Talia Raft

The Mercy of his Grip


Monday morning. My mother sits at her laptop in the kitchen, her tiny frame swimming in a shaggy pink bathrobe, staring at the screen while sipping on a cup of coffee.

“Helene, where’s my underwear?” yells my father from the bedroom.

No answer.

A little louder: “Where’s my underwear?”


“Did you put your hearing aid in?”


“What did you do with it?” more loudly.

A whimper.

“God damn it. Why did I even buy those things if you’re not going to bother putting them in.”

Now full-fledged tears.

Staring at her: “Did you do the whites yet? The ones that have been sitting by the washing machine for two weeks?”

A teary shake of the head.

“Have you eaten yet?”

Another head shake. “I…N-no.”

He goes to make her a bowl of cereal, serves her, says “Oh boy, let’s go see what else the D.E. has fucked up downstairs,” then heads to the basement, presumably to check on the laundry, while my mother grabs a napkin and begins dabbing off her tears.

Later that morning, she’ll spend another couple of hours clicking around on the internet and sending a few emails, followed by a nap, followed by more puttering around on the internet, and maybe another nap, and might eventually make it down to the basement to start a load of laundry.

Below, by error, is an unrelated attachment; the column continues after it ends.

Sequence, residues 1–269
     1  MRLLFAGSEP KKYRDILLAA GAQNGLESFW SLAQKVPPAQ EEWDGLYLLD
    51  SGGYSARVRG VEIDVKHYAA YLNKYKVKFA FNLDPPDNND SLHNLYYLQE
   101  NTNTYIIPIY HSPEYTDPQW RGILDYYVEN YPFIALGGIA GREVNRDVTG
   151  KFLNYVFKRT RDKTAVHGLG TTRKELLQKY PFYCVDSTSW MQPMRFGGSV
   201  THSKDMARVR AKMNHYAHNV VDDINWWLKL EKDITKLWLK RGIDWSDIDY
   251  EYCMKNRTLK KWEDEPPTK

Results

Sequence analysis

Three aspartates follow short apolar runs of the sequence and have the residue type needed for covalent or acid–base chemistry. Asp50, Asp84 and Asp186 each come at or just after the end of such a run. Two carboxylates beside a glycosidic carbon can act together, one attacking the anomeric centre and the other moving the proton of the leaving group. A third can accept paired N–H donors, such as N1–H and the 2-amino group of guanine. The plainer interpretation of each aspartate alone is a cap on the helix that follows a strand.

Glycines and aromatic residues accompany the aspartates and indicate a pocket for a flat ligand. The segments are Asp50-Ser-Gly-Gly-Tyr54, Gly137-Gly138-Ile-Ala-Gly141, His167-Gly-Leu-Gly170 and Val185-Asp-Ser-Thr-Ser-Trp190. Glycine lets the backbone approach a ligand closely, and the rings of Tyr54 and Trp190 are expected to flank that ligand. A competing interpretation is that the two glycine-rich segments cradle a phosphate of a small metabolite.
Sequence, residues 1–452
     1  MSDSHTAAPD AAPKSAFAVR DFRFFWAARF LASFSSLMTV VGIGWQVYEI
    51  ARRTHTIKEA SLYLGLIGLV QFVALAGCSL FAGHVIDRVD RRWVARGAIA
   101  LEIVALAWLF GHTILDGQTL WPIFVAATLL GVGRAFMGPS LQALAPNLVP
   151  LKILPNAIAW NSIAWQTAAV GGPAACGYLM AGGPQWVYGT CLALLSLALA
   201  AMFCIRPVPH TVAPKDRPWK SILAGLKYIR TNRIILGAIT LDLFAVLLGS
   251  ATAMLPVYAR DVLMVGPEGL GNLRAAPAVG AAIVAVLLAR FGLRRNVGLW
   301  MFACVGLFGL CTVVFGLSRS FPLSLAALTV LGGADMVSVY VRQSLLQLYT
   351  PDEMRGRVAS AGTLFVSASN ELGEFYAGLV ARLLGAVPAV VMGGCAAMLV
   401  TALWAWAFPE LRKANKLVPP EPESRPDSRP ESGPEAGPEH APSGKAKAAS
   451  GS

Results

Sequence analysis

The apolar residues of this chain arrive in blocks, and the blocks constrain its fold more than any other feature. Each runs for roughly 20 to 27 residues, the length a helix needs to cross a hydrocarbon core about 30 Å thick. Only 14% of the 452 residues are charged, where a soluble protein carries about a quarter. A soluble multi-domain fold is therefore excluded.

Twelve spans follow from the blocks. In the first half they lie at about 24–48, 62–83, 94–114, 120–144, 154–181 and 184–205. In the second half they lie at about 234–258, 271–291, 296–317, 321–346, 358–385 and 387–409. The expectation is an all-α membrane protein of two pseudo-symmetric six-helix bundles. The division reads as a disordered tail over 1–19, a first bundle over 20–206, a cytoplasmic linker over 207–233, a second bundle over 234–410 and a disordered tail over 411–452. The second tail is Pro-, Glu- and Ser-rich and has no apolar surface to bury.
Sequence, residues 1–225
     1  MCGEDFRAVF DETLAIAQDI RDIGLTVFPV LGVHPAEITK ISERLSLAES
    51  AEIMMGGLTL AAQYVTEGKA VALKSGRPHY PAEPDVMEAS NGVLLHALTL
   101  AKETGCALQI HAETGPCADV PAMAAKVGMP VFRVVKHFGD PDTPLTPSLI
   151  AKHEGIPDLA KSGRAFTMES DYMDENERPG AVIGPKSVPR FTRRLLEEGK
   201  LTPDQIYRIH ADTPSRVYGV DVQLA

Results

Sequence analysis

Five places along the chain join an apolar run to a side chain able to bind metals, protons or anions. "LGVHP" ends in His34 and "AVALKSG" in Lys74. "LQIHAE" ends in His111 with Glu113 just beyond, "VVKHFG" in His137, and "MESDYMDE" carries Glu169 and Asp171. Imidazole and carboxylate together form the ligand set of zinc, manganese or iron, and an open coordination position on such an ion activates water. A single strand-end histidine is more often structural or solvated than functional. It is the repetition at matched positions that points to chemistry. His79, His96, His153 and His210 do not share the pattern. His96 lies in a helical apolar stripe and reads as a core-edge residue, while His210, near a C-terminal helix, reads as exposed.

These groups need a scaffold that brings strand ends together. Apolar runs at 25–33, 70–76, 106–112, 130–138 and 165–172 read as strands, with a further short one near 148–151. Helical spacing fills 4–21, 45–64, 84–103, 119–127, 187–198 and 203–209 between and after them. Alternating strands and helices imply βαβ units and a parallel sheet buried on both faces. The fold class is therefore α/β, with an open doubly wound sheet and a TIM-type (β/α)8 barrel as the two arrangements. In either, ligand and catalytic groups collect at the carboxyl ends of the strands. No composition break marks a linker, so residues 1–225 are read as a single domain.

Meanwhile, my father heads to his computer to get to work (copyediting from home), goes out at 5 p.m. for a run and to shop for groceries, comes home, makes dinner, cleans the living room, pays some bills, then collapses in front of the T.V. to relax, next to my mother, who has been sitting on the couch for a couple of hours. And that’s a typical day in my parents’ household.

* * *

When asked by people he’s just getting to know why he shoulders such a large domestic burden, in addition to holding a full time job, my father typically turns to humor: “Well, my Domestic Engineer, a.k.a. the D.E., a.k.a. my wife, just hasn’t been handling business as well as she used to. I ask her to put the tea kettle on, she leaves it ‘til the smoke alarm starts going off. So I end up having to pick up a lot of slack…She has multiple sclerosis, you know.”

It’s true that these days, the D.E., a.k.a. my mother, has trouble getting around, due to the progression of M.S., a crippling neurodegenerative disease. To amuse himself, my father has started composing a comedy routine for her. The first lines go like this:

“How are you?” the interviewer asks.

“Well, I can’t walk, talk, see, hear, or think, but other than that I’m doing just fine.” (Badum-shhhhhhh.)

Which is only a little hyperbolic. At her moderate-to-advanced stage of secondary progressive M.S., my mother “walks” around the house like a debilitated Tarzan. Able to support herself for only a couple of seconds, and only on three legs (two of her own, plus a cane), she hobbles from perch to perch—here clutching a doorpost, there leaning on the edge of a table—to get around.